Act of Valor: "13 Hours" lacks complexity but buzzes with tension

13 Hours: The Secret Soldiers of Benghazi (2016) 
144 min., rated R.

The only politicizing going on in "13 Hours: The Secret Soldiers of Benghazi" is that director Michael Bay (2013’s “Pain & Gain”) deems it "a true story." Apolitical otherwise, the attitude isn't one of jingoistic U-S-A chanting, nor does it play the blame game and drop Hillary Clinton's name. Written by Chuck Hogan, based on the book "13 Hours: The Inside Account of What Really Happened in Benghazi" by Mitchell Zuckoff with the Annex security team, the film is more of an effectively streamlined this-is-what-happened (or close-to-this-is-what-happened) account of the events leading up to the siege on two U.S. compounds on African soil. For all of Michael Bay's overblown tendencies, "13 Hours: The Secret Soldiers of Benghazi" buzzes with sociopolitical tension and pyrotechnics that are actually germane to the story being told. It doesn't conclude anything new or ask anything deeper on the fog of war, but as a tough and harrowing war drama, it knows what it's doing. 

With the threat level deemed "critical" in Benghazi, Libya in 2012, ex-Navy SEAL Jack Da Silva (John Krasinski) takes his twelfth mission as a CIA contractor. No sooner has he landed in Libya and picked up by old pal Tyrone 'Rone' Woods (James Badge Dale) than they are caught in an ambush by locals on their way to their outpost. They are denied support by CIA Chief of Base Bob (David Costabile), who insists on keeping a low profile, and his team of Ivy League-educated analysts. Five weeks later on the eleventh anniversary of 9/11, the temporary diplomatic post protecting U.S. ambassador Christopher Stevens (Matt Letscher) becomes anything but a "safe haven" when a mob of heavily armed extremists strikes. It's then and there that Jack, Rone, and their team, consisting of ex-military soldiers Kris 'Tanto' Paronto (Pablo Schreiber), Dave 'Boon' Benton (David Denman), John 'Tig' Tiegen (Dominic Fumusa) and Mark 'Oz' Geist (Max Martini), must step up and do what they were brought to do. Though the team is told to stand down by their chief in case the secrecy of their American base is uncovered, they have to do what's necessary for the next thirteen hours.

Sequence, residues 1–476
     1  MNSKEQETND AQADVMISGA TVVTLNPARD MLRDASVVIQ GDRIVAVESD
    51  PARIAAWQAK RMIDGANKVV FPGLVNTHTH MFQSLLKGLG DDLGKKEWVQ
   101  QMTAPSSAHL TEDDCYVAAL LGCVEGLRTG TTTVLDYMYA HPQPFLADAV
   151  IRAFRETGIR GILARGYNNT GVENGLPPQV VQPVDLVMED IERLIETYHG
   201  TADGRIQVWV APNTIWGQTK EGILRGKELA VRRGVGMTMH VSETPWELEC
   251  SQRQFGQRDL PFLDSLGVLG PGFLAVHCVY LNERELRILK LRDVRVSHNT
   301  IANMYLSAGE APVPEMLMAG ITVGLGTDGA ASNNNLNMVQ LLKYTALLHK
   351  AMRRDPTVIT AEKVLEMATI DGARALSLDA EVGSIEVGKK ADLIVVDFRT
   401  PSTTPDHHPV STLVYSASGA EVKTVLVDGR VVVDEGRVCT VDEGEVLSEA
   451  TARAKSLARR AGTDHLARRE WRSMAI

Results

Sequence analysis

Without an asteroid or Transformer in sight, "13 Hours: The Secret Soldiers of Benghazi" is automatically director Michael Bay's most important effort, even if you should probably take the "fact-based" claim with a grain of salt. Based on its own merits, it's unwavering in "you-are-there" urgency and straightforward in terms of who are "the good guys" and who are the "bad guys," who are sometimes hard to tell apart since some of them are "friendlies." At its core, this is somewhat of a real-world horror film, to the point that the characters even call the battlefield "zombieland" (and we can't really disagree as the bad guys covertly shuffle toward the CIA compound and hide behind shredded plastic that eerily moves in the wind). As it should be, the aftermath is inevitably gruesome and devastating, as not everyone will be going back home after their mission. 

Before all of the violent mayhem, character introductions are broad but solidly get the job done. All of the soldiers are buff and bearded, as if they're gearing up for a bear calendar. When they're not working out or sitting around talking bro-speak during their downtime, they're Skyping with their families. Jack is the only one to receive a flashback to his daughters and wife, and it's earnest without being cringe-inducingly sappy. Performances are all on the same skillful level, and each of the core actors have clearly been to the gym, but John Krasinski and John Badge Dale are tasked with the most gravitas and share the most camaraderie as Jack and Rone. 

"13 Hours" isn't above excess, the shooting style for combat sequences attention-getting and spatially chaotic and editing veering on haphazard but hardly ever indecipherable. Bay surely sticks to what he knows and what he can do well, which is choreograph intensely visceral action, but his critics cannot deny his strengths here. Besides, a film can't direct itself. The script does fall the way of clichés, antagonizing Bob and having some of the military contractors tell French female analyst Sona (Alexia Barlier) to use her eyes and ears but keep her mouth shut. It's not nuanced or ever as artfully made as something by Kathryn Bigelow, namely "The Hurt Locker" and "Zero Dark Thirty," but "13 Hours" doesn't really have any need to deal in subtlety. 

Grade: B -